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Reader Comments (6)

Posted: Jan 16th 2008 5:53PM GRT said

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I don't know why game blogs and sites keep linking to that loon and sending more traffic his way. He's never been so successful as he is now, thanks to "outraged" gamers effectively throwing money at him. More links = more traffic = more cash in his pocket.

(And no, I haven't gone to his site.)

If you do go, at least use an Ad-Blocker!!

Posted: Jan 17th 2008 8:13AM Ghen said

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YAY BOOBIES!

They link it for me =)
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Posted: Jan 16th 2008 5:54PM (Unverified) said

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I actually wish our MMO experiences were LESS puritanical.

The whole appeal of an MMO is that it's a social environment. Most popular real-life social environments are not particularly Disneyland-like. In fact, the most common and popular social environments are decidedly adult or at least adult-oriented.

So I believe there should be similar social opportunities in MMO worlds, perhaps adult-only areas with much tighter age verification required for access. Areas with a much larger variety of bawdy emotes, dances, multiplayer interactions, and clothing options available.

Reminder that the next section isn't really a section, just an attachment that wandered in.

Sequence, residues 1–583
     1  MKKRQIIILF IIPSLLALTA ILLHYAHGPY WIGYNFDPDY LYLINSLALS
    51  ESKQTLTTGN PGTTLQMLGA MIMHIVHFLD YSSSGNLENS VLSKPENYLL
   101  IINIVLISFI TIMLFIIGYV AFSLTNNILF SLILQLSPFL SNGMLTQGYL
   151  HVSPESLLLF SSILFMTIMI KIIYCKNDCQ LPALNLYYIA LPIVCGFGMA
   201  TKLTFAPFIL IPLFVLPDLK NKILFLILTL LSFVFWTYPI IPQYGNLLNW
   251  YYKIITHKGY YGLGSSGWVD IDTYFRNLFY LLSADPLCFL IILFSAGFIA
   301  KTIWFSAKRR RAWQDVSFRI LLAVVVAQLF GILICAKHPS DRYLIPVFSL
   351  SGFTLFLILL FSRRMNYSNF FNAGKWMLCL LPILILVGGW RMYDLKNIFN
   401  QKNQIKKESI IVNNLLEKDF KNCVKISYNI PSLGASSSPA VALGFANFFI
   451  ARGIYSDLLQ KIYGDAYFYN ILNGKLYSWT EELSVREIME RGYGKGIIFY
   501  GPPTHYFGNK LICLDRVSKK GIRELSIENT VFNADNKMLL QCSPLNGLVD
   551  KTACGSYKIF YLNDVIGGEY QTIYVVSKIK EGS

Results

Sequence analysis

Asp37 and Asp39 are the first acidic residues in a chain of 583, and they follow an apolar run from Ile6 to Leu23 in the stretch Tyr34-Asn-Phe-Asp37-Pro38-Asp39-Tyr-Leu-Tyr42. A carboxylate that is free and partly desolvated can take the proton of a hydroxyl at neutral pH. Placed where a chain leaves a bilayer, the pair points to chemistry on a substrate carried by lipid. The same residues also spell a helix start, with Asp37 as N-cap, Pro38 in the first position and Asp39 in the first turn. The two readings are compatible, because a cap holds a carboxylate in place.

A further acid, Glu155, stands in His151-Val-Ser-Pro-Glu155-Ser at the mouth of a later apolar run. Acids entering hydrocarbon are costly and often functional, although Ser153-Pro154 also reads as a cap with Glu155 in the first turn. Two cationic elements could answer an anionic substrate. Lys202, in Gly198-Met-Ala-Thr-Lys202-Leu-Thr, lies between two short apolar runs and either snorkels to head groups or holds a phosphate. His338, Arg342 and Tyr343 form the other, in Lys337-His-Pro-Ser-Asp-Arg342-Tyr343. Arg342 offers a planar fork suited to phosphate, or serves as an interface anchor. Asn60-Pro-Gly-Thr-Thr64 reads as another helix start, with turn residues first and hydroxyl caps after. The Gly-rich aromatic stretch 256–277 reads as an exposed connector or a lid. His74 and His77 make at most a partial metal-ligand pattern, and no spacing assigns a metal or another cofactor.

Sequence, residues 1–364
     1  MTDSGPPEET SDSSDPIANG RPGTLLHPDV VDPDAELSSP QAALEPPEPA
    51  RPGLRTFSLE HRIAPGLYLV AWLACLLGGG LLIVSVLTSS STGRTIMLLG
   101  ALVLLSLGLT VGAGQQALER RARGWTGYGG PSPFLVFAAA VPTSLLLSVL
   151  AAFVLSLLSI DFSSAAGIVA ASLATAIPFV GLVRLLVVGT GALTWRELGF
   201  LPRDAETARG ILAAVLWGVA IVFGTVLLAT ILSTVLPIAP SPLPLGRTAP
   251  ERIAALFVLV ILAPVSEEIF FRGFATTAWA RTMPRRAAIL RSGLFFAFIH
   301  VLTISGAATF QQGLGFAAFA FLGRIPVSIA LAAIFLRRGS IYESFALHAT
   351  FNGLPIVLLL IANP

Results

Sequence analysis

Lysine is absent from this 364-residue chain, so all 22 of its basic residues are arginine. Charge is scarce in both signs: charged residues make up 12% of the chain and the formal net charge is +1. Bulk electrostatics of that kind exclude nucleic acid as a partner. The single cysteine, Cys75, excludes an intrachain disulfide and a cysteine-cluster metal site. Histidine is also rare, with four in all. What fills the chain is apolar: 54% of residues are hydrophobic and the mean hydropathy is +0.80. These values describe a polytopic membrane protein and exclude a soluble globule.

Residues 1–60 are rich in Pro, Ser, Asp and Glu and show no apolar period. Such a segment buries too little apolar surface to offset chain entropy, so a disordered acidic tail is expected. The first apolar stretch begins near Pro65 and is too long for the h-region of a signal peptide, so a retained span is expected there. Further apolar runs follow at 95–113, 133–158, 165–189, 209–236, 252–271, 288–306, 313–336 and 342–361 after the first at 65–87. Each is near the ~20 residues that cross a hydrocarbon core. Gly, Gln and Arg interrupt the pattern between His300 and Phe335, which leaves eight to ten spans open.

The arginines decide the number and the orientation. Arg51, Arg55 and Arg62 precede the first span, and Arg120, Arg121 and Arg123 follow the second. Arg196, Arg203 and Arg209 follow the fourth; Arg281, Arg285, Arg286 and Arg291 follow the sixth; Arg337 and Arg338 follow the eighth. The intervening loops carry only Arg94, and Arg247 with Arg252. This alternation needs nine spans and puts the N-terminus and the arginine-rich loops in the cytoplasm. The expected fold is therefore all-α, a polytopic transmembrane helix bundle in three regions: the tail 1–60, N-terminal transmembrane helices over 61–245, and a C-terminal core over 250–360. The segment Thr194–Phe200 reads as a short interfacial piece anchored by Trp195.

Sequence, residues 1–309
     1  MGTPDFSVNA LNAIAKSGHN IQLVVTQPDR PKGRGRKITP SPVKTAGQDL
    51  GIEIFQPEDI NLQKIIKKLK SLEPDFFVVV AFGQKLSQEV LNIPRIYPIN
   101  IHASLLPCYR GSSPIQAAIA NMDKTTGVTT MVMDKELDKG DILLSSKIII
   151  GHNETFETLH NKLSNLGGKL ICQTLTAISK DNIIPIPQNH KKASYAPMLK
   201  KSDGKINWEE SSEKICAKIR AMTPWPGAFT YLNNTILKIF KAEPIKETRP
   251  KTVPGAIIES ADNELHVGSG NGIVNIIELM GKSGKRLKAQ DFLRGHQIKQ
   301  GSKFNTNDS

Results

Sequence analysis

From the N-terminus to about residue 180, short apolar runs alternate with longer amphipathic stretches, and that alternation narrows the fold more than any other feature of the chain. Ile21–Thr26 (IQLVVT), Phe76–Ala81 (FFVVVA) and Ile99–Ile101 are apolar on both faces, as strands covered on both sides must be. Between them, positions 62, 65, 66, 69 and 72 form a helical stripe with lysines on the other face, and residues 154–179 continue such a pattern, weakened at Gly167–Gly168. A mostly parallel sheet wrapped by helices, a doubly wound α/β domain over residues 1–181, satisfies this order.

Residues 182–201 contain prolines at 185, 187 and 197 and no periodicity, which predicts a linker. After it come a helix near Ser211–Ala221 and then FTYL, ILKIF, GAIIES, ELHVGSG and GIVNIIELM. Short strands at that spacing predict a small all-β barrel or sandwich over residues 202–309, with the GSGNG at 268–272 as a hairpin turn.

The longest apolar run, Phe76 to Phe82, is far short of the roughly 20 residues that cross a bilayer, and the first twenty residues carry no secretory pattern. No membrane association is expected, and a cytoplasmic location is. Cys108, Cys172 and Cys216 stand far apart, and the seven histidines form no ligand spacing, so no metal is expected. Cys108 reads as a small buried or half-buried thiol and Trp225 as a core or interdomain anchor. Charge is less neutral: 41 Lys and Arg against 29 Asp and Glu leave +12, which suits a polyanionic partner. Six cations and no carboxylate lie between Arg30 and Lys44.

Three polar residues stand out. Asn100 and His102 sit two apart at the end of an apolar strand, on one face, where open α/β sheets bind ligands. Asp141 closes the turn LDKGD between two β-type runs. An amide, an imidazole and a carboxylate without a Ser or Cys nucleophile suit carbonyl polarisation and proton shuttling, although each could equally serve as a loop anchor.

Sure, Second Life has all that, but without the content. But I want to have my cake and eat it too, I want the entertainment content AND the adult socialization content. Hopefully someone will fill the niche soon with a few hundred million development dollars.

Posted: Jan 17th 2008 4:03AM (Unverified) said

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Here here. Well said ....

The stupidest thing is no matter what rating a game has, parents are still going to buy it for their kid without thinking.

It's going to happen again and again..... watch the muppets when Age of Conan comes out and the parents see their 14 year old boy creating a naked female character.

Grab the Torches! -.-

Posted: Jan 18th 2008 3:51PM (Unverified) said

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The "Experience may change during online play" disclaimer does not protect developers one bit. Devs have to disclose to the ESRB all questionable content to obtain their rating. That disclaimer covers the content that the *players* add.

It covers situations like an E-rated kids' MMO with open chat, where the players can use foul language, or arrange their furniture to spell out dirty words or draw naughty pictures. The devs have no real control over the content added by players, hence the ESRB disclaimer.

Rest assured, if devs dropped M-rated content into an already T-rated game, the ESRB would have something to say about it.

Posted: Jan 18th 2008 3:52PM (Unverified) said

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Oh absolutely, I guess I meant more the players changing the experience than the developers throwing in whatever they like.
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